Hundreds of years after the death of Maule, Hepzibah and Clifford Pyncheon, brother and sister, old and frail, live out their dismal lives inside the house. They are encased in this behemoth structure, yet they are wrought with poverty. Towards the book’s end we discover what contributes to their misfortune, but on the way we read about their miserable day-to-day lives. The journey toward their fate is enmeshed with ghostly metaphors.
The presence of the long-dead Colonel Pyncheon is continually felt via his large portrait that hangs in a sitting room. As the book explains:
The other adornment was the portrait of old Colonel Pyncheon, at two thirds length, representing the stern features of a Puritanic-looking personage, in a skull-cap, with a laced band and a grizzly beard; holding a Bible with one hand, and in the other uplifting an iron sword-hilt
Through watchful albeit painted eyes, he inflicts his reverence from beyond the grave, perhaps due in part to an unconscious sense of infamy the current occupants feel toward him.
Then there is Clifford who, when he is introduced into the story, had me believing on first read that he himself was a ghost. Perhaps he is, but not literally. He is introduced from the perspective of young Phoebe, the visiting maiden cousin that brings cheer to a cheerless home. She hears him before she sees him.
She retired to her chamber, but did not soon fall asleep, nor then very profoundly. At some uncertain period in the depths of night, and, as it were, through the thin veil of a dream, she was conscious of a footstep mounting the stairs heavily.
Phoebe heard that strange, vague murmur, which might be likened to an indistinct shadow of human utterance.
Later she sees him at the breakfast table. Here is one of many gloomy descriptions of him:
..his mind and consciousness took their departure, leaving his wasted, gray, and melancholy figure–a substantial emptiness, a material ghost–to occupy his seat at table.
With his long white hair and garments from another age, Clifford appears rather ghostly. It can be said that he is the embodiment of ghosts of a sorrowful past, a sorrow that clings to him like the sheet of a Halloween ghost. His sister doesn’t fare very well either:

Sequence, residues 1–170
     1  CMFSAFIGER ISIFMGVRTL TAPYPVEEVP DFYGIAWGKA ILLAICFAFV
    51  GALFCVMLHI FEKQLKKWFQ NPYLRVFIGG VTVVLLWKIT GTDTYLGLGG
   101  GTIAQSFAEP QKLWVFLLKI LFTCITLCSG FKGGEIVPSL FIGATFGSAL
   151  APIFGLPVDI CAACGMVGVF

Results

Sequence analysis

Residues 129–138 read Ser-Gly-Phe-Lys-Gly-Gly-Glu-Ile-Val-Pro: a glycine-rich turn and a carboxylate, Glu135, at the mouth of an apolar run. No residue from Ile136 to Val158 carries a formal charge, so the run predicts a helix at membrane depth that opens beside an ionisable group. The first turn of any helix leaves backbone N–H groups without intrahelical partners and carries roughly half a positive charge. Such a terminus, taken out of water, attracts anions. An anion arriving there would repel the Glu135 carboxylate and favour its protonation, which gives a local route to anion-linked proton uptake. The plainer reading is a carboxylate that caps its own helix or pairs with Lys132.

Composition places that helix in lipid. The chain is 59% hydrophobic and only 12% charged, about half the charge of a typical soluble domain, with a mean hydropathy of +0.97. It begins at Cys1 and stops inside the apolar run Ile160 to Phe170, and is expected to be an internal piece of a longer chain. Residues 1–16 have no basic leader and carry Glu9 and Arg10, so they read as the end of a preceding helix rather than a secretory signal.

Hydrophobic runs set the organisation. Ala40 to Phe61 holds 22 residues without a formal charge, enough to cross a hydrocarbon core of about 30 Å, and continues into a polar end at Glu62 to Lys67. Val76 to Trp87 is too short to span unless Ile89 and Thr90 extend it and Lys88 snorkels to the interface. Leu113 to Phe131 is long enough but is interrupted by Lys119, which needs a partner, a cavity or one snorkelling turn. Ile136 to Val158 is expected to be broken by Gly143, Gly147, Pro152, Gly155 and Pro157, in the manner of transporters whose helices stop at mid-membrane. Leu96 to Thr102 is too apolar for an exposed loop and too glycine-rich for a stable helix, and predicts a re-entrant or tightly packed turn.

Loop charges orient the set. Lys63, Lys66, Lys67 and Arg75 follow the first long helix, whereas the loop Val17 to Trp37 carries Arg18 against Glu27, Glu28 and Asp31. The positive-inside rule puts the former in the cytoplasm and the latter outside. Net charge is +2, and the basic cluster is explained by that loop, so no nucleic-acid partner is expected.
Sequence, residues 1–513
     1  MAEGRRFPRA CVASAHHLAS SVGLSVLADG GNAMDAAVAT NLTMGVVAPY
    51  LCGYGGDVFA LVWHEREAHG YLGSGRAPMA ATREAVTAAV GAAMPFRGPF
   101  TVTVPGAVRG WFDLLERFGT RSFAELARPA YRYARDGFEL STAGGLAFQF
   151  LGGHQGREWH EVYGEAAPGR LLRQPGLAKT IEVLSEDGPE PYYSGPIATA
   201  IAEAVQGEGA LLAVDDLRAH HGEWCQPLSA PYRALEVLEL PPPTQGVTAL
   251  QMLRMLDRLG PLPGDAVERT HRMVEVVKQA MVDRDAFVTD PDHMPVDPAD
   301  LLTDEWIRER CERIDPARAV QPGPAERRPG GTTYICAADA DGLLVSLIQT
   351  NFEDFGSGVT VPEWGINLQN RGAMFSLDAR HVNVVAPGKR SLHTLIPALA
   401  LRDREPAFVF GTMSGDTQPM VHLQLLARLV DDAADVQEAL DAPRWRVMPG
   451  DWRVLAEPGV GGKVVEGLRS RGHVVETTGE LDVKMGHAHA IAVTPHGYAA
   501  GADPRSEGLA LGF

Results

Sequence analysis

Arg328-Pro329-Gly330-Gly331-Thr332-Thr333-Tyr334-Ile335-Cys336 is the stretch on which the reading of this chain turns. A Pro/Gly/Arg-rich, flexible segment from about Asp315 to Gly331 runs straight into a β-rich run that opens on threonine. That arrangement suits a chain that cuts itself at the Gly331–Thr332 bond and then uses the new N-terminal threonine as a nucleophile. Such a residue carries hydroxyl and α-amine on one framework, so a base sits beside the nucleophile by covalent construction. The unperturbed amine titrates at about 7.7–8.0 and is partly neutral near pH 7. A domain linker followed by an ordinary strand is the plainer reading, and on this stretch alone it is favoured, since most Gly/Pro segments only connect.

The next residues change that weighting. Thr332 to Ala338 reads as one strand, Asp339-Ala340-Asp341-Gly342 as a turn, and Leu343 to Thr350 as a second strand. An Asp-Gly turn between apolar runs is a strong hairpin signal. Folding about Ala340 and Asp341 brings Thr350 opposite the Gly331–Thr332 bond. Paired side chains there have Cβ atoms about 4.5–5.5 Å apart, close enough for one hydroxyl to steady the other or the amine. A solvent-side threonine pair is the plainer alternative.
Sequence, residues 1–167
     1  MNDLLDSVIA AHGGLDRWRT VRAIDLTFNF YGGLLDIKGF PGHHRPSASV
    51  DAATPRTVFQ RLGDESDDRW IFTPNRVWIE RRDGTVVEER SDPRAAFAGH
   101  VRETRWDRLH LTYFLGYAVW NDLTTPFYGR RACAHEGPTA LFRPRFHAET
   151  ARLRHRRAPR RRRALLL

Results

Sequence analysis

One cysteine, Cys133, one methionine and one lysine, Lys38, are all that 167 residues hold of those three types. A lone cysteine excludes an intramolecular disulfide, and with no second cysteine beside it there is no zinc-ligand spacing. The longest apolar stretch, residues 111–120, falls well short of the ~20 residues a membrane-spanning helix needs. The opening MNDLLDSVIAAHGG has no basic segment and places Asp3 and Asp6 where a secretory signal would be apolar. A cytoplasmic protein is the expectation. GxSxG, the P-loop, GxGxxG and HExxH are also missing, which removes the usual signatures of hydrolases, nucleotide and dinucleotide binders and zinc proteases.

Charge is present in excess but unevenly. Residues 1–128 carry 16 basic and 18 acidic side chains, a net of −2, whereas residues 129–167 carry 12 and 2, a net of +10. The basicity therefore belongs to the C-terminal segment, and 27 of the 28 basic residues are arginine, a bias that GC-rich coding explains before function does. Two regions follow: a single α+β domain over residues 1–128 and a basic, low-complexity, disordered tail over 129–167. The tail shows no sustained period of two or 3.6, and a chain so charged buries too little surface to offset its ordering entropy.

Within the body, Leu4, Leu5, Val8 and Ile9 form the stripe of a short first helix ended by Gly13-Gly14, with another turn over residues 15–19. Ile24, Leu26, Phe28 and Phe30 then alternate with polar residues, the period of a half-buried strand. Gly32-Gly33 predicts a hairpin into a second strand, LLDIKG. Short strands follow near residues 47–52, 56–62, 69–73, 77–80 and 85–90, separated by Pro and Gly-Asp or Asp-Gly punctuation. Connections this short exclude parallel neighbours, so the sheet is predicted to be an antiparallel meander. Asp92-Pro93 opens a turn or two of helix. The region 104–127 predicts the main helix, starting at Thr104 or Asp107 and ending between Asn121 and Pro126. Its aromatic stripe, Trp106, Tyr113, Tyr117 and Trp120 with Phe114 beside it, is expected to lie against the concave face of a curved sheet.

above a quarter of a century gone by, has dwelt in strict seclusion, taking no part in the business of life, and just as little in its intercourse and pleasures.
Not a participator in the most casual of modern day affairs, Hepzibah too is but a ghost, even if figuratively so.
Then there is the harpsichord of the long since deceased Alice Pyncheon. Sometimes it makes music, seemingly on its own accord. The book is vague on whether this phantom music is made by the ghost of the late Alice or whether it is a kind of collective, symbolic hallucination – a longing for those rare but charming moments that blessed the Pyncheon family in the midst of their misfortune.
There are more metaphors and hints of a haunting throughout the book. If you wish to learn of more, I recommend reading the book. But I must say it can be a tedious read. The sentences are very long and flowery. Themes and descriptions are often repeated and drawn out. Much of the vocabulary is archaic. All this and, you know what? The more I contemplate on the story, the closer I’m pulled toward its deep heart that continues to beat a century and a half after its conception.
Sometimes a bit of effort is required to unearth something of magnitude. Although I did not realize its importance to the American gothic movement when I began the novel, I treated it with respect. I didn’t settle for a free ebook. Rather, I bought a physical book with a hard cover. I patiently read it in silent environments and uttered no complaints when I had to reread certain parts for clarification. Much of the reading took place in our newly constructed den – a room designed for reading and writing. Hell, I think on one occasion I had a brandy to go with the reading. Now that’s respect with a pinch of style!
Here are some side notes on the house and the author.
The House of Seven Gables was inspired by a real house, which still stands today. The Turner-Ingersoll Mansion was built in 1668 in by Captain John Turner and later sold (nearly one hundred years later) to Captain Samuel Ingersoll. Ingersoll’s daughter was the cousin of Nathaniel Hawthorne. Hawthorne frequently visited his cousin in this home. This house inspired him to write The House of Seven Gables.
Today it stands as a charitable museum for immigrant groups and at-risk teenagers.
Nathanial Hawthorne is said to be a descendent of a judge from the Salem Witch Trial era. This is also said to have inspired “the legacy of the evil puritan” theme that pervades his book.